Stress and Scars

Suicide is an attempt to end one’s life, while cutting, and other forms of self-mutilation, is an attempt to cope with one’s life. The difference between the two gives us insight into a painful and growing habit among today’s teen population.

Between 2 and 3 million people — or about 1 percent of the population — in the United States exhibit self-abusive behavior. And the number is on the rise due to increased stress and life complexity. While self-abusive behavior can range from burning or biting to head banging or hair pulling, studies reveal cutting is the most popular.

Why are teens cutting?

Sixty percent of self-mutilating teens choose cutting as their primary form of injury. Cutting causes a chemical reaction created within the wounded human body, which then causes the brain to rapidly release endorphins. These hormones provide an immediate, but short-lived, relief from the true problem: underlying stress and emotional pain.

Most teens who cut lack healthy stress management and coping skills. Many have experienced hard things in life, like post-traumatic stress, sexual or physical abuse, or have overwhelming feelings of being out of control. The average cutter is female, and the habit starts in the early teens. It can increase in severity if left unchecked, but as coping skills develop, the incidence of self-injury declines. Cutting, however, can occur in people of any gender, age and race, and can result in very dangerous deep or infected wounds that can potentially be fatal.

Because teens know the behavior is unacceptable, most who cut keep their habit hidden. That means parents need to be aware and on the lookout for these warning signs:

• Isolation for hours on end, whether in their bedroom or bathroom.
• Sharp objects, like razors, missing or in strange locations.
• A teen who never wears short-sleeve shirts or shorts.
• Friends who self-mutilate.
• Mental health or mood disorders, eating disorders or a history of trauma or abuse.

When I suspect a patient to be involved in cutting, I make sure to ask the patient about it when others aren’t around, and in a tactful, caring and direct dialog. I suggest the same approach for parents and loved ones who suspect self-mutilating behaviors.

If a teen admits to cutting, help him or her get professional help right away. Do not react with disgust. Teens involved in self-injury feel fragile and have a low self-esteem already. Negative reactions will only magnify the problem. Recognize that your teen is crying out for help. Provide that help by contacting your family physician for a referral to a psychotherapist that can aid in getting your teen professional attention.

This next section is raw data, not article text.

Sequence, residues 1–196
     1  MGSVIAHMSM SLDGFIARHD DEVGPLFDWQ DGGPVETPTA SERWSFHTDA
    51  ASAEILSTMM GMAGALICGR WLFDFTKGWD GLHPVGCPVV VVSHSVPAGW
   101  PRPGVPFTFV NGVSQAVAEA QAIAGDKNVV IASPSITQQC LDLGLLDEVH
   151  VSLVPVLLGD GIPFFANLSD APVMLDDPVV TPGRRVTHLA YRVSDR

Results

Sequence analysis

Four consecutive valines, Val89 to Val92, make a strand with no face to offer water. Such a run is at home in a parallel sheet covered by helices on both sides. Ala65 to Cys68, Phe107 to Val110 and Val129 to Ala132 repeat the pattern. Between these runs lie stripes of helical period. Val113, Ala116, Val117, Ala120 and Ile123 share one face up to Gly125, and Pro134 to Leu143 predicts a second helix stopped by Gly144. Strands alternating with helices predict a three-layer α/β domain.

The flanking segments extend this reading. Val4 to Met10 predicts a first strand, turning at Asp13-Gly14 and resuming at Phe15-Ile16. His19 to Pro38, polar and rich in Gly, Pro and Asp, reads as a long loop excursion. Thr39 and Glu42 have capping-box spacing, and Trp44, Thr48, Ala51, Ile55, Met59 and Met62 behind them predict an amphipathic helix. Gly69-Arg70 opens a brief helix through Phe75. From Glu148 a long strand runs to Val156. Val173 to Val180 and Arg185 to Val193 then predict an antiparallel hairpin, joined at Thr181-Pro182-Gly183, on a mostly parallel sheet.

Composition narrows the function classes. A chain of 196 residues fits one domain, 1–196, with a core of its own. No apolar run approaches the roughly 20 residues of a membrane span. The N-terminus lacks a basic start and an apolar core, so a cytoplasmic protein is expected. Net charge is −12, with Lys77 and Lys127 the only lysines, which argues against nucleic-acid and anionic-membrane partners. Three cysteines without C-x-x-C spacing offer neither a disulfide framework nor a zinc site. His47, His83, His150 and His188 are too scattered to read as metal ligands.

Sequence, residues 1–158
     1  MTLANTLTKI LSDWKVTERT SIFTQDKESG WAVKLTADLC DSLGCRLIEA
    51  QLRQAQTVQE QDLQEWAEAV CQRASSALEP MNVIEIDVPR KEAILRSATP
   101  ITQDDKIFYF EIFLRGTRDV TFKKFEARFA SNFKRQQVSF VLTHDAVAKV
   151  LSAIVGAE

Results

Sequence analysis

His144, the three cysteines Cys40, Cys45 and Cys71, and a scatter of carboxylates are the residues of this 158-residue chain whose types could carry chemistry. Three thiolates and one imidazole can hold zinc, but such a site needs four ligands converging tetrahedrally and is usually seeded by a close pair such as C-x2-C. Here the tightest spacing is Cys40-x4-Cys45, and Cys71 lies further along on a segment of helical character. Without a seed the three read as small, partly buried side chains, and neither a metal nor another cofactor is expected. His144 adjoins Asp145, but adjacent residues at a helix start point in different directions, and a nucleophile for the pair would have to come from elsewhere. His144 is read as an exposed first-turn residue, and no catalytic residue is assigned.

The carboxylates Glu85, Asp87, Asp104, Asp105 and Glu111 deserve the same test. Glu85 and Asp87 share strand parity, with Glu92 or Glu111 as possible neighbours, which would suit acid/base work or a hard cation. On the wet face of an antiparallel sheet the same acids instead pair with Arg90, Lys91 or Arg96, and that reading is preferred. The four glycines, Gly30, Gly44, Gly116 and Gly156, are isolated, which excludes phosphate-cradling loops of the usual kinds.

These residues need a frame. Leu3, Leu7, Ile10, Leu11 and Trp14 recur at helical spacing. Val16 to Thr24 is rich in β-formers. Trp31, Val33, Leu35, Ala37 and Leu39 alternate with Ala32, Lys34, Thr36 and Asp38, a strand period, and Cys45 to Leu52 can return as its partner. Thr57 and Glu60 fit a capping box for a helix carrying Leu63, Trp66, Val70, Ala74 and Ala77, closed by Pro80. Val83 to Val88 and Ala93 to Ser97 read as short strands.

Parents often wonder how to prevent tweens and teens from forming self-injury habits. Developing the following positive habits at a young age will make things easier as stress and life experiences become more turbulent:

• Give a child one-on-one attention. Enjoy quality time with your child.
• Teach positive ways to deal with stress. Introduce yoga, exercise, journaling and other forms of healthy stress-management techniques. Skill-building camps, church opportunities and athletics also teach coping methods.
• Keep lines of communication open. Listen to a child’s concerns and refrain from passing judgment as he or she matures.
• Allow a child to make appropriate choices in life.
• Make sure the family schedule represents true priorities. There are plenty of good extracurricular activities available, but over-packed schedules can add stress and feelings of being out of control. Be selective and wise in what, and how much, a child is signed up to do.

Reacting to a Cutting Habit

Although you may feel shocked and disappointed to find out about cutting, do not begin to blame yourself for your child’s behavior. Studies show that parental self-blame does not help the situation. Overall, today’s troubled teens need to learn positive coping skills, as well as some need professional help developing the skill set. As new and healthier stress management strategies flourish, the emotional and physical scars from cutting can fade.

Dr. Benjamin Missick is a family practice physician at Blakeney Family Physicians.